Martinez said afterward that he would wait patiently for the big bouts, the Floyd Mayweathers and Manny Pacquiaos, because he's not as old as people think. He's 37, though, so time is not infinite. Readers, give Sergio a grade.

Chavez can, should step up to Sergio

February, 14, 2012
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Most boxing folks consider Sergio Martinez, the Argentine boxer who now lives in California and who will headline against Irishman Matthew Macklin at the MSG Theater on March 17, to be the best middleweight in the world. That he currently lacks a title doesn't diminish Martinez, 36, in the eyes of true fans, though dabblers might not see it that way.

One of the titleholders at 160 pounds is Julio Cesar Chavez Jr., who holds the WBC belt that Martinez possessed until he gave it up in January 2011, willingly, because he didn't want to fight the No. 1-ranked middleweight at that time, Sebastian Zbik.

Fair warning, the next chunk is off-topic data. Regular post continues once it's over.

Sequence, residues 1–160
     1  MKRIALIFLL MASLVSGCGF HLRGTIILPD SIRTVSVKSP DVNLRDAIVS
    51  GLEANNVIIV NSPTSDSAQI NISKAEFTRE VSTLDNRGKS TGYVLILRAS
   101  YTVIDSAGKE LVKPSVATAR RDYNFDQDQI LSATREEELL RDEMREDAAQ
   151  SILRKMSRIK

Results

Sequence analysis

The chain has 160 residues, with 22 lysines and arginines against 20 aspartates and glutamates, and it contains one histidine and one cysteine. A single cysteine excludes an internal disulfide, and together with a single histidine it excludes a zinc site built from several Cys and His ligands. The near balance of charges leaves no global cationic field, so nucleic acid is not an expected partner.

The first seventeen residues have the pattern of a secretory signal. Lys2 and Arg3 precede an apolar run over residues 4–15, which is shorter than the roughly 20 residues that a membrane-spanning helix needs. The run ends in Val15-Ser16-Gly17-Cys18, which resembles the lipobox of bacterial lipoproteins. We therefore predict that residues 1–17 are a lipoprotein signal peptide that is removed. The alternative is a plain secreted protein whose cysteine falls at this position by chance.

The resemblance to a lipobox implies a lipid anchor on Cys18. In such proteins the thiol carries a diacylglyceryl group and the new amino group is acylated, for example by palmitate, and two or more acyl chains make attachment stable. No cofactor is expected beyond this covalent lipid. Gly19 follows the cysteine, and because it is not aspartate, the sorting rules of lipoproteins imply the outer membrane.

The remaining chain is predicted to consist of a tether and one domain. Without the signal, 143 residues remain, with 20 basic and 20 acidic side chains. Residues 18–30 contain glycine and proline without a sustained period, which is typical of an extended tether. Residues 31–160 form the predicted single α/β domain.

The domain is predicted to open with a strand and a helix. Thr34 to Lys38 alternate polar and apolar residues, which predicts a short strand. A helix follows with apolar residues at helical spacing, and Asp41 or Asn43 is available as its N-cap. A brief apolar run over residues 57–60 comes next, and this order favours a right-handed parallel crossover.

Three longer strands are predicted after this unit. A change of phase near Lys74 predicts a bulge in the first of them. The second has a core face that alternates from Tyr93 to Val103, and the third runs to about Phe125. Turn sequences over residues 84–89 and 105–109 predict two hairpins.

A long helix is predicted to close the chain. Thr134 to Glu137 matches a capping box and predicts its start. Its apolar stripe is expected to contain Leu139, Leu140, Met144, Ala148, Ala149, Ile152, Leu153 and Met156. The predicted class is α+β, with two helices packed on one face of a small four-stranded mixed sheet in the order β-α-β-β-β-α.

Fight fans think it makes a ton of sense for the ex-WBC champ and the current WBC kingpin to hash it all out in a ring. The Chavez people -- among them Bob Arum, the fighter's promoter -- haven't seemed to share that vision. Arum said a few days ago that he thinks Chavez needs two more fights, some more seasoning, before he'll be ready for Martinez.

We can accept that reasoning. We might not fully agree, but we see the wisdom there. The WBC, meanwhile, sounds like it wants Martinez-Chavez next, if Martinez gets past Macklin. Here is an excerpt from a release sent out by WBC chief Jose Sulaiman: